Do you remember the good ol’ days? When cartoons were full of heroic characters, fantastic villains, and exciting adventures? Remember the days of He-Man? Thundarr? Megatron? Visionaries? Orbots? Herculoids? Space Ghost? Mumm-Ra, the ever-living? Even She-Ra (in her “I’m just like He-Man but targeting the female demographic” kind of way)? For a kid like me, Saturday morning cartoons in the 80s were a treasury of imagination paving the way for a lifetime appreciation of science fiction and fantasy. Sure, they still tried to sell us on the merchandise, but the action figures allowed us to visualize our own stories with our favourite characters. Nowadays, besides the occasional Jackie Chan Adventure and the steady stream of DC superhero shows (which will almost all be ending this year), the thrill of adventure seems to have gone from cartoons—if I have to watch another show where characters duel with cards, I swear I’ll pikachu something!
Never fear! I come to you with three cartoons to fill the void, shows that are well made, fantastical and full of adventure. They all have clear origins in the world of anime, but combine that style with a North American sense of storytelling (as in “full of action”).
Avatar: The Last Airbender
I know. The name is oddly cryptic, but the show is the best cartoon on television. It’s the story of a young monk in a vaguely-Chinese world divided into four nations based on the four elements: fire, water, air, and earth. The monk is named Aang and he was discovered by the other two main characters Katara and Sokka, a brother and sister from the Water tribe at the North Pole. Y’see, Aang was frozen inside a glacier and apparently he is the Avatar—a mystical being who is reincarnated to save the world. Another cool thing about this world is that each of the four nations have individuals called “benders” who manipulate the element that they belong to. Katara is a water-bender, so she can move water with her mind. Aang, as the Avatar, has the ability to “bend” all of the elements. He needs to learn to use his powers, so with his new friends, he sets out on a quest to fulfill his destiny—saving the world from the Fire Nation—and meets all kinds of adventure along the way. Avatar is a masterpiece of hand-drawn animation (so refreshing in this age of computer graphics) that is so good I am shocked that no Japanese anime studios worked on it. The episodes are also very well written. The plots are well-conceived, but not too complex or mature for kids to understand. Plus there’s a lot of kid-sized humour thrown in for good measure. Avatar is a tale told in the classic style of a folk tale, with a timeless and enduring element of action-packed adventure. Shown on YTV.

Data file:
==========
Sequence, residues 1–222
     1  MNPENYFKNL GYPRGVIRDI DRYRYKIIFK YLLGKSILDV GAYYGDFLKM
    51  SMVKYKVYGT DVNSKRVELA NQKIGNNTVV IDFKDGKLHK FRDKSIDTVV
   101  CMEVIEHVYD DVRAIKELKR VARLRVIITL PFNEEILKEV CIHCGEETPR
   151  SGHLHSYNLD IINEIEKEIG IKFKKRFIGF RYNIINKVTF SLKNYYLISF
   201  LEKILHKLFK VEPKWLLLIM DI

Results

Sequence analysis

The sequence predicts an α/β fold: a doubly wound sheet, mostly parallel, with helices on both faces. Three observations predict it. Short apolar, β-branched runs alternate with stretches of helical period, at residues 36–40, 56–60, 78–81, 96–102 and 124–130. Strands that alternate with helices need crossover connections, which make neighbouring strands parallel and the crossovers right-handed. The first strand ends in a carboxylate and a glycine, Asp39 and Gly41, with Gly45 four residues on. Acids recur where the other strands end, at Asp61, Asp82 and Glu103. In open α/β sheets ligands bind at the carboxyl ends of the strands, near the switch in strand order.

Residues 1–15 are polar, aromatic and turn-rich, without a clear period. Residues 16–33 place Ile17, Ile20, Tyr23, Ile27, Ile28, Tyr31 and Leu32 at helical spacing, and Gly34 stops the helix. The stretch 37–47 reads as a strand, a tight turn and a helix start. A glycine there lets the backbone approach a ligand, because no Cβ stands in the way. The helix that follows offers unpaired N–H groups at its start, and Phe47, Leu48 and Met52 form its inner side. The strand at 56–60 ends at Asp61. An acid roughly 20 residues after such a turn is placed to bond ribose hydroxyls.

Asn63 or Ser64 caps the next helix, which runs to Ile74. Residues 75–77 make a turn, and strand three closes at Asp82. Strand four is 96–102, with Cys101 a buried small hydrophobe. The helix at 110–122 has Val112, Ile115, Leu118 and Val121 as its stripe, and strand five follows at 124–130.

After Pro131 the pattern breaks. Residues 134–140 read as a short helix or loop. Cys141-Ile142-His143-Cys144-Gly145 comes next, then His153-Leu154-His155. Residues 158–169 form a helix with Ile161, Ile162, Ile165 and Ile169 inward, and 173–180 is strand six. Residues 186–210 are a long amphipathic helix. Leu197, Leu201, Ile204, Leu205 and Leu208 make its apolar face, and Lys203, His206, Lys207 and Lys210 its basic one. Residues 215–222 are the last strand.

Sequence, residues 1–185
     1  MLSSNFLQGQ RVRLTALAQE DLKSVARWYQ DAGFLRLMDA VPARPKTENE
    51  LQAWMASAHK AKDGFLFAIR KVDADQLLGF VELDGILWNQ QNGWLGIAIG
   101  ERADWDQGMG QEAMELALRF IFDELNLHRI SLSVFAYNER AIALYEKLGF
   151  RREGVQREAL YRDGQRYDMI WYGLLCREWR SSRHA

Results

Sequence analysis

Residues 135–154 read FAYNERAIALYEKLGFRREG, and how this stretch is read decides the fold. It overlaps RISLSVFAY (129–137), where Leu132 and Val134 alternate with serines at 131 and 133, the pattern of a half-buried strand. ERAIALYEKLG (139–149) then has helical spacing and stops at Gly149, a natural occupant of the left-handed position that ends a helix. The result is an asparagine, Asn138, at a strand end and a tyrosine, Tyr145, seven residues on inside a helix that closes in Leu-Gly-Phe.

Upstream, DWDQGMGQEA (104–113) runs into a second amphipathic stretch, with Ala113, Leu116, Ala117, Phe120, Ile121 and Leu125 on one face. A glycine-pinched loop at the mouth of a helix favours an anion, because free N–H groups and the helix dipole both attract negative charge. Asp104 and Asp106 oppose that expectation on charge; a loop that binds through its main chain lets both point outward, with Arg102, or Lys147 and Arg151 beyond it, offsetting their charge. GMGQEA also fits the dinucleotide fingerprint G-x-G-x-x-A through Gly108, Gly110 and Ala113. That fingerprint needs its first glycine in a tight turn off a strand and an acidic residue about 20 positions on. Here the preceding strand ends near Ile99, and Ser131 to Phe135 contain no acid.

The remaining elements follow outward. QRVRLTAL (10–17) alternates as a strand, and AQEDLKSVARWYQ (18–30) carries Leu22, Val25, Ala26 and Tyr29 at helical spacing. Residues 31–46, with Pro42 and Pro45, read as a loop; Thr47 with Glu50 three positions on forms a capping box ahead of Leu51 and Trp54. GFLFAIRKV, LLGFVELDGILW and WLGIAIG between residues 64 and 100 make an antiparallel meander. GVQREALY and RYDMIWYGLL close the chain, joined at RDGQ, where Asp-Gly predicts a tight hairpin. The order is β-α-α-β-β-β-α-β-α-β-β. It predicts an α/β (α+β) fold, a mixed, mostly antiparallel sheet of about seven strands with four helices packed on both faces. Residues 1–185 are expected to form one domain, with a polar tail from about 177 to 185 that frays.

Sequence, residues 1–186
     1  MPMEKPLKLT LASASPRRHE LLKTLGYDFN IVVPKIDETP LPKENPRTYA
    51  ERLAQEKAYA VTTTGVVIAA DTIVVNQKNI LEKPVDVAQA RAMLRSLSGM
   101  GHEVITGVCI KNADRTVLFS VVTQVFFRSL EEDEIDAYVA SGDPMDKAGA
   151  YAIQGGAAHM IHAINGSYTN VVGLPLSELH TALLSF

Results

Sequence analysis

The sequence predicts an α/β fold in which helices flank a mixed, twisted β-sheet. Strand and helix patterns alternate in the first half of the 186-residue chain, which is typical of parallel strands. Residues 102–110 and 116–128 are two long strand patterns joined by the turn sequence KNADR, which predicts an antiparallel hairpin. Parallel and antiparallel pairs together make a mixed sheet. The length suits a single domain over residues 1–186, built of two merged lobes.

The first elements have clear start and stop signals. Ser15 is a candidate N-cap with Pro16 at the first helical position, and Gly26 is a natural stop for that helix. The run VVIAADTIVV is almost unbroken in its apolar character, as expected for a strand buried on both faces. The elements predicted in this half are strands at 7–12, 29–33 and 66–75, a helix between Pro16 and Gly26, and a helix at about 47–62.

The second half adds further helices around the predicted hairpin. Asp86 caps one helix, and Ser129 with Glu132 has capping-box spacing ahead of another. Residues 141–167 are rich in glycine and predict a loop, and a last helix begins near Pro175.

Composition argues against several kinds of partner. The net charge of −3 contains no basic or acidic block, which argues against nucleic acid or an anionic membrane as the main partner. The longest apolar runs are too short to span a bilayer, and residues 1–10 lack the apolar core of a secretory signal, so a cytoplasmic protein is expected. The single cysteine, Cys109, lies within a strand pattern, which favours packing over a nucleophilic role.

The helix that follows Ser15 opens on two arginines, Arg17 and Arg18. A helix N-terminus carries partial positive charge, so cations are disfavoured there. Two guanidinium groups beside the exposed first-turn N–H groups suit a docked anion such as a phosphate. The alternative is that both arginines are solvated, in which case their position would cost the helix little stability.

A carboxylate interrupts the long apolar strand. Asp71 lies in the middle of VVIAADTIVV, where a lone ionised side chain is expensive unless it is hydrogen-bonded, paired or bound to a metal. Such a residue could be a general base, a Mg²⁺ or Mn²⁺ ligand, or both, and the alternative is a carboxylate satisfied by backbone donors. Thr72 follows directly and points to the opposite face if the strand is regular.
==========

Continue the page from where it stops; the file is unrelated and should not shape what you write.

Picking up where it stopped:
5 out of 5
An odd blending of fantasy and sci-fi, this series is set in a futuristic world where humans ride dragons like horses. In fact, they don’t seem to use regular vehicles much. The dragons are all enhanced by cybernetic devices which help them jump, shoot grapples, glide, etc. The story is far less sophisticated than Avatar and focuses basically on a teenager named Artha Penn and his friends. Though they are all dragon racers, Artha’s alter-ego is the legendary figure known as the Dragon Booster, who partners with the Dragon of Legend, to help stop the war between humans and dragons (I know, it sounds frustratingly complex, but it’s really not important to the episodes). Week after week these good guys face off against the bad guys, led by Moordryd, the son of an evil mastermind who is always trying to get his hands on the Dragon of Legend. Frankly, the storylines are only OK, but they introduce all kinds of classic fantasy elements. The animation is pretty good—it’s computer animation done in a style that resembles hand-drawn (with outlines, etc.) and it’s generally a fun show to watch for something a little different. Shown on CBC. 3.5 out of 5
Though all three shows are greatly indebted to the tradition of Japanese anime, Skyland is the most like a Miyazaki story (think Nausicaa and the Valley of the Wind, or Laputa: Castle in the Sky). It’s the year 2251 and Mahad and his friends spend the morning flying their hover vehicles from one island to the next. Earth has splintered and land fragments hover in the sky around the planet’s core. The carefree morning soon gives way to drama as Mahad returns home just in time to help prevent his mother and sister Lena from being arrested by the robotic henchmen of Oslo, the dictator of Skyland. Lena and Mahad barely escape in a stolen patrol vehicle as their mother protects them with awesome powers that they didn’t know she had, but eventually she gives herself over to Oslo’s custody. What follows is a journey of discovery as the siblings meet up with a group of freedom fighters and learn some secrets about their father. I’ve only seen the first two episodes, but it’s a really exciting beginning with much potential. The animation is also computer generated, but the scenes are really epic in scale and the character expressions and physical motions are top-notch. I can’t wait to see more. Debuts April 22 on Teletoon. 4.5 out of 5.